derision


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References in classic literature ?
They clung around the necks of the big stone idols and shrieked as they skipped along the battlements, while Mowgli, dancing in the summerhouse, put his eye to the screenwork and hooted owl-fashion between his front teeth, to show his derision and contempt.
Slowly he limped to his place in the line, while the mob shouted in derision.
She finds that she is held in no respect by her friends; that she is the derision of her enemies; and that she is a prey to every nation which has an interest in speculating on her fluctuating councils and embarrassed affairs.
We have troubles enough, Kovudoo," he said, "without burdening ourselves with an old she-hyena, and as for paying for one--" Malbihn snapped his fingers in derision.
I would rather give a man a shillin' on a day like this than put him off with a derision like a bawbee.
To escape from their derision I purposely began to make all the progress I could with my studies and forced my way to the very top.
Robert Macaire is the hero of two favorite melodramas -- "Chien de Montargis" and "Chien d'Aubry" -- and the name is applied to bold criminals as a term of derision.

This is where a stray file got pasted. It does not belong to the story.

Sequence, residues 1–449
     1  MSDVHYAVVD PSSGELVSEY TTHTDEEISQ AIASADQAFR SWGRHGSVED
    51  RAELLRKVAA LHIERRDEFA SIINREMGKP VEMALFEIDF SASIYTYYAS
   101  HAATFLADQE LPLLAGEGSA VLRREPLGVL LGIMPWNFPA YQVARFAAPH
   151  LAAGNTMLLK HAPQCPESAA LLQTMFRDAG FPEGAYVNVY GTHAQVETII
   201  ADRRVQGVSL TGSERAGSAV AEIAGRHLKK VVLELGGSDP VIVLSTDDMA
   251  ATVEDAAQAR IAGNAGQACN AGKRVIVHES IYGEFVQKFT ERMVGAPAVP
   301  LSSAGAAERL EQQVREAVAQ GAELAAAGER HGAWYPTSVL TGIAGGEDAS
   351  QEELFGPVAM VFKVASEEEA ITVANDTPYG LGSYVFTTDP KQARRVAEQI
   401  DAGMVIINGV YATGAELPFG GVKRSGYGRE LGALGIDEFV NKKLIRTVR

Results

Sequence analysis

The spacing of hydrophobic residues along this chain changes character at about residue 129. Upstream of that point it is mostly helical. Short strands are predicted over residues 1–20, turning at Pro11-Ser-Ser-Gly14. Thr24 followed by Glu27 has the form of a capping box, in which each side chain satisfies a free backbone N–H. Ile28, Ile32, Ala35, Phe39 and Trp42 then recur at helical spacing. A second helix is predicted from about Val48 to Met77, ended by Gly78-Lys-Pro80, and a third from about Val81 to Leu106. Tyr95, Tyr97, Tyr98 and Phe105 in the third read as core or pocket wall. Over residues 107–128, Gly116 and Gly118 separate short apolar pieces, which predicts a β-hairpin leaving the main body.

Here I found myself thrown among strange people; here everything was grim and uninviting, with teachers continually shouting at me, and my fellow-pupils for ever holding me up to derision, and myself constantly feeling awkward and uncouth.
She looked at his two sisters, and saw them making signs of derision at each other, and at Darcy, who continued, however, imperturbably grave.
Whenever the venerable form of the old minister, meagre and haggard with fasts and vigils, was seen approaching, hisses were heard, and shouts of derision, and scornful and bitter laughter.
But by and by he heard a tremendous grunting and squealing, and then a sudden scampering, like that of small, hard hoofs over a marble floor, while the voices of the mistress and her four handmaidens were screaming all together, in tones of anger and derision.
But the seaman of the last generation, brought into sympathy with the caravels of ancient time by his sailing-ship, their lineal descendant, cannot look upon those lumbering forms navigating the naive seas of ancient woodcuts without a feeling of surprise, of affectionate derision, envy, and admiration.